The Martian Meteorite Compendium
Introduction to Martian Meteorites 2006
In the early 1970s, and again in the early 1990s, NASA advocated and developed plans to remotely collect samples from the surface of Mars and return them to Earth, because it is abundantly clear that much more precise and accurate observations and measurements are required than can be obtained by remote in–situ analysis (see Brett 1974, Bogard et al. 1979, Gooding 1990, Nealson et al. 1997, Neal 2000 and Agee et al. 2000). Meanwhile, 35 different meteorites have been found to have been delivered from Mars to the Earth by impacts on Mars and ejection into Earth–crossing orbits (Gladman 1997). The study of this collection of Martian meteorites provides a means to investigate Mars using modern analytical techniques originally invented to study samples returned to Earth from the lunar surface. The results of these studies also help define the requirements for missions to Mars, including the requirements for eventual sample return. Although the Martian meteorites so far identified are igneous rocks, they include some entrapped Martian atmosphere (Bogard and Johnson 1983, Leshin et al. 1996), some alteration products (Gooding 1978), some salts (Bridges et al. 2001) and possibly, some melted soil (Rao et al. 1999). There is a vast literature related to the study of Martian meteorites (see ˜2000 entries in bibliography attached). If samples are to be brought from Mars to Earth by spacecraft, it is to be expected that a similarsized effort may ensue, and clearly everything that will be learned will need to be complied, and made available electronically, in a manner similar to this Compendium.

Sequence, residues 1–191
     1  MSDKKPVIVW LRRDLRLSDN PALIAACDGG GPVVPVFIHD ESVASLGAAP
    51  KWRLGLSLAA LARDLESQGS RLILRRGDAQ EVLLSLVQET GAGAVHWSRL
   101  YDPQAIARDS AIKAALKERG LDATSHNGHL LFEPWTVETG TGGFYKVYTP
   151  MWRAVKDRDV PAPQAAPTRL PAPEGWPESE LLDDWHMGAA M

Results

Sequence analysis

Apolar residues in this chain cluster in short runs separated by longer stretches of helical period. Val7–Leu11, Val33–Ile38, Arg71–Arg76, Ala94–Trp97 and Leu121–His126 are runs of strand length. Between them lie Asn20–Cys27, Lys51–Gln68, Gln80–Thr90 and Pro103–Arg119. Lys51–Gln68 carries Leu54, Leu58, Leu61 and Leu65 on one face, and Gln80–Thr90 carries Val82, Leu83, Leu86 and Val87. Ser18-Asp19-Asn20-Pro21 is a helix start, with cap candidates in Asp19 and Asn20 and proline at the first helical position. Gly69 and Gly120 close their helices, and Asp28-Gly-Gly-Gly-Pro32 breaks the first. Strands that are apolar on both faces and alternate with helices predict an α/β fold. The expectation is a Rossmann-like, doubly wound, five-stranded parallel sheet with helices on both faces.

There are now many excellent review papers dealing with many aspects of the research on Martian meteorites. Recommended reviews of Martian meteorites include those of McSween (1985, 1994), McSween and Treiman (1998), Treiman et al. (2000), Nyquist et al. (2001), Bogard et al. (2001) and Bridges et al. (2001). Swindle (2002) has recently reviewed the topic of noble gasses in Martian meteorites. Lodders (1998) calculated the average chemical composition for the data up to that point. Gibson et al. (2001) tell the "Life on Mars" story. This brief introduction does not serve as such a review.
The Mars Meteorite Compendium (MMC) is an attempt to introduce these rocks to new investigators and give